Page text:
As long as the asset was held for more than a year then a simple rule was brought in. You paid tax on 50% of the Capital Gain.
So .. buy for a $100, sell for $200, the gain is $100 and you pay tax on 50% of that – or $50.
Now that was pretty close to the status quo and required no accountants.
This is referred to as the 50% discount on CGT. It was not and is not a “gift” nor a “loop hole” – it was a simple way to ensure that tax was only paid on the real gain. It was and is “fair”.
The Opposition proposes that the 50% discount be reduced to 25%.
What does this mean?
Buy for $100 , sell for $200 – the gain is $100 – but the tax will now be paid on $75.
Hang on … do you remember that the real gain was only $60? The tax now applies to far more than that.
Let me do some more maths – the top marginal rate is 47c – so under old rules CGT was .47 x 50% = 23.5%. The new proposal is now 47c x 75% = 37.5%.
Australia moves from being “middle of the pack” in CGT to the second highest CGT in the world!! – behind only Denmark.
Investors choose where they wish to invest. This new CGT that will apply to ALL investments is highly likely to lead to an investor strike. There will be LESS investing.
Announced in the shadows of the election The Labor Party also announced a new Tax rate for large Investment Trusts to invest in housing from 30c down to 15c.
The Labor Party assumes that mum and dad investing will dry up – so at the very same time they are imposing higher taxes on small investors they are giving massive tax discounts to the Top End of Town … This is what the policy is all about.
Now let me return to the final piece of the puzzle – negative gearing.
Someone decides to invest in property – they buy a house and find a tenant. The rent is income. Expenses come in the form of letting fees, interest, repairs, rates, repairs, body corporate.
In the early years the expenses outweigh the income and that’s a rental loss.
Currently this loss can be deducted against other income – this is the “negative” in negative gearing.
The Labor policy proposes that this loss be carried forwards and deducted from the eventual capital gain.
In actual fact I don’t have an issue with that BUT only if CGT was left as it currently is. As it stands – carrying the losses forwards (which means the investor really pays for them now) to a CGT that taxes virtually the entire gain is a very poor deal for the investor.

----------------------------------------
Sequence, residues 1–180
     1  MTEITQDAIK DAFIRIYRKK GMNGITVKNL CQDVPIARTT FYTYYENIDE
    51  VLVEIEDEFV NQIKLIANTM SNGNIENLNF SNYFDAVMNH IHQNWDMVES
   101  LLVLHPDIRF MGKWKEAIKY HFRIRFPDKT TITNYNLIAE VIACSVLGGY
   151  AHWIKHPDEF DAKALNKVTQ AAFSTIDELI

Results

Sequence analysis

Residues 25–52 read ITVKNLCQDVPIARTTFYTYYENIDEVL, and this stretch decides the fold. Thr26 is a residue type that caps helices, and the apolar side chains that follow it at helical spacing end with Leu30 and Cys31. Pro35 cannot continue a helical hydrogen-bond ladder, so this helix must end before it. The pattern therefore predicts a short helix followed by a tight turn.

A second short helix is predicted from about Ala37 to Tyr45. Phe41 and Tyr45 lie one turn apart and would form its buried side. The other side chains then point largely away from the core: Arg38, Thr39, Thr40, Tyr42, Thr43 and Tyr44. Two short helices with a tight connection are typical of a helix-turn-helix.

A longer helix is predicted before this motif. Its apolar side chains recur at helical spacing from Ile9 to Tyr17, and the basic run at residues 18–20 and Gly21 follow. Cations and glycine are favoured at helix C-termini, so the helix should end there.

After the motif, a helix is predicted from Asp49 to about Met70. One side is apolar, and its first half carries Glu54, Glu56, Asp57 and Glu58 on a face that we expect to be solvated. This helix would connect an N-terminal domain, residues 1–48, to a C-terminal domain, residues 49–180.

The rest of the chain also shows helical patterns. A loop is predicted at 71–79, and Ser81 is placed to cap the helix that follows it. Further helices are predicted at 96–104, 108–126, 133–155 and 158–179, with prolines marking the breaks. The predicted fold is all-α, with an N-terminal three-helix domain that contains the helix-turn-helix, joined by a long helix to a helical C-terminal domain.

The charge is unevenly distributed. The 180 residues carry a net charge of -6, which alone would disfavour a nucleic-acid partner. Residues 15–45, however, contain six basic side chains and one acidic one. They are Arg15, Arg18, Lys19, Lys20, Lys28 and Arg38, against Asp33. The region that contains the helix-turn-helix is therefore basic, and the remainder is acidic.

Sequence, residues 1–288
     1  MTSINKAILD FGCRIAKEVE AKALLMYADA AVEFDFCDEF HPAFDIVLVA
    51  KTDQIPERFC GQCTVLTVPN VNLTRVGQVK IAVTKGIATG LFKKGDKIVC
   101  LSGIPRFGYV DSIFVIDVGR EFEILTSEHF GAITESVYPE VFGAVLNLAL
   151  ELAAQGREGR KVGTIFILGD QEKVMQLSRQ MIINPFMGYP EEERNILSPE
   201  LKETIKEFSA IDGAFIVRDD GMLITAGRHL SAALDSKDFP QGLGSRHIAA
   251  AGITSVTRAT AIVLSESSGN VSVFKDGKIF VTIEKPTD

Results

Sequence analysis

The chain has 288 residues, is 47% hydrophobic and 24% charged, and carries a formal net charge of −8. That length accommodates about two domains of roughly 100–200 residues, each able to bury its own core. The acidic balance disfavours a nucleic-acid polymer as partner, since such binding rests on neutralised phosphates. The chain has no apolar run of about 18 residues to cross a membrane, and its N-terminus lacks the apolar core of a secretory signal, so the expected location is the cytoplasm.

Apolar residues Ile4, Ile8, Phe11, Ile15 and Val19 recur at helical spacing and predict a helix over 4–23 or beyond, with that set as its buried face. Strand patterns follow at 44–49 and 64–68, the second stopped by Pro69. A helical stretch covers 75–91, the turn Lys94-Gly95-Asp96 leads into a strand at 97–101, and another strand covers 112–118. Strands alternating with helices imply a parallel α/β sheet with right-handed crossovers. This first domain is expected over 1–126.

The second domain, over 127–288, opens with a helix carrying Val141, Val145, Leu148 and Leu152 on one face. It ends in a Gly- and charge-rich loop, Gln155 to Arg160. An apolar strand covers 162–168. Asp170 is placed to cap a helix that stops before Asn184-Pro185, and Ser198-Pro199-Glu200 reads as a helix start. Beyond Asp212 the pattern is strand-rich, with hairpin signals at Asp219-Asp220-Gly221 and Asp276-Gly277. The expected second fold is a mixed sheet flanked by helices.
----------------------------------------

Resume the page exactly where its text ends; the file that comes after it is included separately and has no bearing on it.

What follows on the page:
There will be direct consequences;
- There will be less investors – that means less investment properties to rent.
- Landlords will naturally wish to minimise the losses in the current year.
- The direct consequence is that landlords will want to increase the rent, and lack of supply will mean they will probably be able to.
- This is a VERY bad policy for people renting.
As an investor – if this policy ever comes in then I believe the smart property investor will move to a type of property where no CGT is paid.
Yes this is possible – I believe that an astute strategy, should this new regime come into being, would be to buy the most expensive home you can afford in the best suburb you can afford and manage that mortgage over time.
Desirable suburbs will continue to rise in price and when you eventually sell and retire by downsizing then the ENTIRE Capital Gain is Tax FREE.
The lesser of two evils is to remove negative gearing but leave Capital Gains tax untouched.
In my opinion the better policy is to leave well enough alone. Why should the ability to use property to plan for their future to be removed from Gen Y and Gen X?
Why should this opportunity be now left to, dare I say it, “The Top End of Town”?
As always I’m here to discuss your own personal circumstances should you wish to know more about how this could affect you and your future financial stability.
Ask Alan – Your online mortgage broker.